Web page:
A shocking investigation released by the Illinois Attorney General’s office on May 23rd revealed that 451 Catholic clergymen sexually abused nearly 2,000 children in the state within 70 years, more than four times than the 103 victims reported by the church when investigations began in 2018.
Illinois: nearly 2,000 children abused by Catholic clergy over 70-year period https://t.co/KNiYFtQWxB
— The Guardian (@guardian) May 23, 2023
During a news conference, Illinois Attorney General Kwame Raoul said investigators found that 451 Catholic clergy members in the state abused 1,997 children between 1950 to 2019, covering 69 years.
“It is my hope that this report will shine light both on those who violated their positions of power and trust to abuse innocent children and on the men in church leadership who covered up that abuse,” Raoul said at the conference, crediting those who accused the church for making the investigation possible.
Not drag queens?
— Texas Toon (@Texas_Toon) May 23, 2023
“These perpetrators may never be held accountable in a court of law, but by naming them here, the intention is to provide a public accountability and a measure of healing to survivors who have long suffered in silence,” Raoul added.
The lengthy report also paints a painful picture of how Illinois church leaders are slow to acknowledge the severity of the abuse within the clergy. They were also accused of deliberately holding back actions that would confront the accused clergy and failing to warn devotees about possible abusers, sometimes even after decades after a clergyman was accused of abuse.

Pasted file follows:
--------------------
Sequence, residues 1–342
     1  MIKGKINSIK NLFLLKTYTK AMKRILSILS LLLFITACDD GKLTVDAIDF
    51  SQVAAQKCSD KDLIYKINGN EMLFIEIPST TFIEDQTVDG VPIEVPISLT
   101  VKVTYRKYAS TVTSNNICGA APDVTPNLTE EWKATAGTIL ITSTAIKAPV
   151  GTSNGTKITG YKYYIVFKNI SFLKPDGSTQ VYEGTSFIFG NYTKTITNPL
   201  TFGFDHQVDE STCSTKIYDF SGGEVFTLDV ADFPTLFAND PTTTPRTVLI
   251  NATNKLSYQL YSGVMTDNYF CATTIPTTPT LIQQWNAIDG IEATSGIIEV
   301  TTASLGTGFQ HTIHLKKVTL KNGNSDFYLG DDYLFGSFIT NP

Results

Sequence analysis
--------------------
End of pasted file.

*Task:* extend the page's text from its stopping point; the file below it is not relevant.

How many are in prison?
— Recreational Outrage (@PatrickXavier75) May 23, 2023
The investigation began in 2018 under Raoul’s predecessor, Lisa Madigan, who released a ferocious report on the abuse before she left office. Raoul, the current attorney general of Illinois, promised to continue the investigation, which saw 25 staff members review more than 100,000 pages of documents from the state’s dioceses and engage in more than 600 confidential conversations with contacts.
The report also mentioned victims who thought about taking their own lives after being abused and those who turned to alcohol or drugs to deal with “anxiety and feelings of unworthiness.”
While the report shocked many, the findings echoed known facts and scandals about dioceses in the United States, and some said that the reported numbers of victims and abusers might have been underreported.
And this is Just. One. State.
— Jedi Ghost (@JediCounselor) May 23, 2023
“There is no questioning the facts of the report – until 2018, when the investigation began, hierarchs in every Illinois diocese kept known abusers under wraps, declined to include them on their accused lists, and refused to acknowledge the truth that survivors of abuse who came forward to make a report shared with them,” the Survivors Network of those Abused by Priests (SNAP), an organization of sexual abuse victims, said in a statement released on the same day the office of the Illinois Attorney General announced the findings of the report.
The Catholic dioceses in Illinois released a joint statement on May 26th, saying that the report prompted them to review their policies and push for unspecified changes within the church.
“At this time, working with the office of the attorney general of Illinois, the leaders of all six Illinois dioceses endeavored to make clear and update our approach, mindful of our lived experience and best practices in this field,” Blase Cupich, the archbishop of Chicago, said in the joint statement.
“Survivors will forever be in our prayers, and we have devoted ourselves to rooting out this problem and providing healing to victims.” (Cardinal Cupich)
For the cardinal’s response to the Attorney General’s report, data and resources, please visit: https://t.co/kJWZ2eG3no. pic.twitter.com/sUpT1IpT3o
— Archdiocese Chicago (@archchicago) May 24, 2023
Illinois’s scathing report on the state of sexual abuse within the Catholic Church was not the first in the United States. Other states, like Pennsylvania and Maryland, conducted lengthy investigations that revealed the scope of sexual abuse inside Catholic churches. Some states, like Louisiana, refused to launch similar investigations, despite accusations of child sexual abuse within the roster of clerics in some dioceses.